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What the school says...

Central to our ethos is the abiding Christian belief that every child should be loved and valued as an individual. Inclusion and acceptance are key principles which enable all children in our school to thrive and reach their potential. We are passionate about developing the ‘whole’ person and work hard with our children to develop skills of perseverance and commitment to both their learning and to their place in our close-knit community.
To achieve this we work hard to enable our children, who come from a variety of backgrounds and from a very wide catchment area, to see themselves as one body through our Acts of Collective Worship, our House Team activities and through special days such as Maths Days and special weeks such as Book Week. Our children are actively encouraged to serve others and take on responsibilities within our school community. Children in Years 5 and 6 apply for their “jobs” each September and carry them out to a very high standard. Their roles are real ones and not completing tasks leaves a hole in the school’s operation! The younger children, noting how the older ones have particular jobs and responsibilities within school, aspire to be just like them. Our greatest delight is when children notice a gap in our organisation and offer to fill it!
Ours is a peaceful, though happy, lively and busy school. Enthusiasm is evident but conflict is rarely seen. Our Christian ethos, which has the repair of relationships and an understanding of forgiveness at its heart, contributes to this. We manage any upsets using Restorative Justice principles; all of our children are taught about their feelings so there is a high level of emotional literacy, and we educate our older children in conflict management so they can be Playground Peacemakers should the need arise. Forgiveness is key as we value repairing and maintaining relationships and we do not seek to allocate blame. In addition to this, adults in school model Christian Values of Community and Love with the whole school community and our children are witnesses of this on a daily basis. The older children, having grown up within this nurturing environment, naturally care for the younger children. Ours is also a very friendly school. Children and staff joining us always comment on how quickly they feel at home. Relationships between staff and children, and staff and parents or carers are very strong. Visitors frequently comment on the warm atmosphere. The close relationships, continually nurtured, result in trust between members of our school community.
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Who came from where

Who goes where

Special Education Needs

We are an inclusive school and welcome every child whose parents request a place. We do our very best to meet the individual needs of each of our pupils in a safe, supportive, secure environment.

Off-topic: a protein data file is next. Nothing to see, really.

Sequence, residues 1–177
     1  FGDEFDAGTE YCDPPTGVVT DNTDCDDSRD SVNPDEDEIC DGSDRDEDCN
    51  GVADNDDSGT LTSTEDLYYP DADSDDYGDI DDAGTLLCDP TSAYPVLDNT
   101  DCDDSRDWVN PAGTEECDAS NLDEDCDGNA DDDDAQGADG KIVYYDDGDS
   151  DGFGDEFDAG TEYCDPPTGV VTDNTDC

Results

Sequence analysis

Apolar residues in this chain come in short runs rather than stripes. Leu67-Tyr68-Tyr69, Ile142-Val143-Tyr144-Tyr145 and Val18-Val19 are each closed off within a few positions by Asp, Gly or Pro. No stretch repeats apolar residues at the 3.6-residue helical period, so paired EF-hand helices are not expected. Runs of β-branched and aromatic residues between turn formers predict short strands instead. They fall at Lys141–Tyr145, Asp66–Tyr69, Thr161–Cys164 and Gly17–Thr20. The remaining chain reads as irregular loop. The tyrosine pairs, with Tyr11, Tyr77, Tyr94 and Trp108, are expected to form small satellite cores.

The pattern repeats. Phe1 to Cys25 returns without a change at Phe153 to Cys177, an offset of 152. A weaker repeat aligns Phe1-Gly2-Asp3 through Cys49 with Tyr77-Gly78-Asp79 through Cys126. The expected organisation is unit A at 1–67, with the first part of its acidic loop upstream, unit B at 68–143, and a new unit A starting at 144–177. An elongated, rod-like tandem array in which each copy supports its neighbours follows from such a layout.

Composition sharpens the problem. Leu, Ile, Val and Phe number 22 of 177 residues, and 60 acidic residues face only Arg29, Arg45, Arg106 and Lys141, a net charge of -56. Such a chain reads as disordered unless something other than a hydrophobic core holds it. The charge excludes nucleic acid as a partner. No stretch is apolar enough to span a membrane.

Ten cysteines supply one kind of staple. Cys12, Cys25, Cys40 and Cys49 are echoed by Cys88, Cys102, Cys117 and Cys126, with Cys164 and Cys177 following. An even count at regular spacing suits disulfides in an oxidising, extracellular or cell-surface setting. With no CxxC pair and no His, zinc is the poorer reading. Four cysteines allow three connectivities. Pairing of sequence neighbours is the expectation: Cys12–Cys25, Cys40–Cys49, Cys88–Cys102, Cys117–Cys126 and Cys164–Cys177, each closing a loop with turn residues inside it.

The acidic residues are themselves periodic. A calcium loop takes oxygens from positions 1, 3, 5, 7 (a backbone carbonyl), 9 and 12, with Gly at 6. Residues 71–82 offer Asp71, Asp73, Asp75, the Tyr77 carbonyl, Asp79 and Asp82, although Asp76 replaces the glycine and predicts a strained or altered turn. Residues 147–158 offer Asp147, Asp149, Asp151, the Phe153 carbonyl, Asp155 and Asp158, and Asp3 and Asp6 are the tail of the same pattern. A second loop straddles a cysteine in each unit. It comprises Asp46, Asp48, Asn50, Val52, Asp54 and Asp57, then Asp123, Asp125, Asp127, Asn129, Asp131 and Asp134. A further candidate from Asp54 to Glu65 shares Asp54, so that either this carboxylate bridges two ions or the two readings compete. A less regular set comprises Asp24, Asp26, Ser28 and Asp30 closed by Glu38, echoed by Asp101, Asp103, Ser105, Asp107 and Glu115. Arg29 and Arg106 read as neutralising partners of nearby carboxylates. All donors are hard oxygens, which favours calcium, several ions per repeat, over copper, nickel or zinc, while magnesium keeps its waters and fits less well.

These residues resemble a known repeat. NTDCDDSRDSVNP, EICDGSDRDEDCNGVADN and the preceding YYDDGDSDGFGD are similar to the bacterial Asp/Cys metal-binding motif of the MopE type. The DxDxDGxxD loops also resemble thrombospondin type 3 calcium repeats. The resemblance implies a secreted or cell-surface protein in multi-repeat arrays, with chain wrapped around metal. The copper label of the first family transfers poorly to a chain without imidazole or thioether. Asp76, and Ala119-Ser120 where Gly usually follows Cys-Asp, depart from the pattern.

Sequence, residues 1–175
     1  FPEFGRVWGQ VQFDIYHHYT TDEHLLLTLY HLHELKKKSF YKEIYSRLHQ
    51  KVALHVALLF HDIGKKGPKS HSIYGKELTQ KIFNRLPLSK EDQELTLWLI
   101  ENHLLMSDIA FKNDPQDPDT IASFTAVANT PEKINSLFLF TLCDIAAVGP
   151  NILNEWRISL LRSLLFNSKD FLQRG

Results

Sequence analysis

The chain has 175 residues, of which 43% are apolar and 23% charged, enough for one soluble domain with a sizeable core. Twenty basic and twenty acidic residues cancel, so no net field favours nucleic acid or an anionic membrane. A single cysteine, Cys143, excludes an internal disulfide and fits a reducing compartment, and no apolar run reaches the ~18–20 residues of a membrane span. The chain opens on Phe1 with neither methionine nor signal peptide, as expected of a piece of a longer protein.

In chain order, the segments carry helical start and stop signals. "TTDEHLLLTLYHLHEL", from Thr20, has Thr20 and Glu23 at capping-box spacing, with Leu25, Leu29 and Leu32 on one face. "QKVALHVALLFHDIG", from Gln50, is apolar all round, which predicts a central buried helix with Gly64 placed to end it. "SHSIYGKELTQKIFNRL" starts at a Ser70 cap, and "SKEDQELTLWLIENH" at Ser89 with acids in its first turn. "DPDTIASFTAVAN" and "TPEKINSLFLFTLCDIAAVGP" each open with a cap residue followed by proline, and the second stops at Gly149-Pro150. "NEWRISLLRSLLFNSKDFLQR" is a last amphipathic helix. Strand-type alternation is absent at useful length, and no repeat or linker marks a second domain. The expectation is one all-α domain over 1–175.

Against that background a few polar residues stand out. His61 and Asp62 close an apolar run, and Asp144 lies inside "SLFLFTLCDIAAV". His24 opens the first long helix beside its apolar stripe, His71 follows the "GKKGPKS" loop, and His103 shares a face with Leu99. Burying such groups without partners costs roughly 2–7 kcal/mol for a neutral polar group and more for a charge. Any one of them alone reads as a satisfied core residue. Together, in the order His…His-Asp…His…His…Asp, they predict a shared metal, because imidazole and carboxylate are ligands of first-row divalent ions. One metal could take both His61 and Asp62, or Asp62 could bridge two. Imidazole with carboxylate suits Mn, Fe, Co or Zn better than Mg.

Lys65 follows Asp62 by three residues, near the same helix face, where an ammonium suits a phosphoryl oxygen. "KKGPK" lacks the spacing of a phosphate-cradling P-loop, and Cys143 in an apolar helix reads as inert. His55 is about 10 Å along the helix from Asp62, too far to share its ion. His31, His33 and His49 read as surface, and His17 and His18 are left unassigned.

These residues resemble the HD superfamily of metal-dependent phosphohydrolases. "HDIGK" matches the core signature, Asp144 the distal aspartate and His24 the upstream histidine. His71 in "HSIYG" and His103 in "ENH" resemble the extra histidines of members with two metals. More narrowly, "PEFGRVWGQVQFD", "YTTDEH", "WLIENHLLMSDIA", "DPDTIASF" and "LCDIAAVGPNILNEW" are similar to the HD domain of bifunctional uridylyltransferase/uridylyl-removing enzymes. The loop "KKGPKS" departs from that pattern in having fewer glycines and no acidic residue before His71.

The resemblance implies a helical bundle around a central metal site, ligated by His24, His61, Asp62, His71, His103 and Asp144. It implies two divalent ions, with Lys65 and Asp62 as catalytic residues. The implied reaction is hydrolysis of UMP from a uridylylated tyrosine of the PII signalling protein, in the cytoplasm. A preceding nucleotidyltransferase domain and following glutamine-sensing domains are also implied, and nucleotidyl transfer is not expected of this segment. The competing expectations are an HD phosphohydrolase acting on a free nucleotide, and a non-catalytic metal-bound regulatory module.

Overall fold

Interpreting catchment maps

The maps show in colour where the pupils at a school came from*. Red = most pupils to Blue = fewest.

Where the map is not coloured we have no record in the previous three years of any pupils being admitted from that location based on the options chosen.

For help and explanation of our catchment maps see: Catchment maps explained

Further reading

If there are more applicants to a school than it has places for, who gets in is determined by which applicants best fulfil the admissions criteria.

Admissions criteria are often complicated, and may change from year to year. The best source of information is usually the relevant local authority website, but once you have set your sights on a school it is a good idea to ask them how they see things panning out for the year that you are interested in.

Many schools admit children based on distance from the school or a fixed catchment area. For such schools, the cut-off distance will vary from year to year, especially if the school give priority to siblings, and the pattern will be of a central core with outliers (who will mostly be siblings). Schools that admit on the basis of academic or religious selection will have a much more scattered pattern.

*The coloured areas outlined in black are Census Output Areas. These are made up of a group of neighbouring postcodes, which accounts for their odd shapes. These provide an indication, but not a precise map, of the school’s catchment: always refer to local authority and school websites for precise information.

The 'hotter' the colour the more children have been admitted.

Children get into the school from here:

most years
quite often
sometimes, but not in this year

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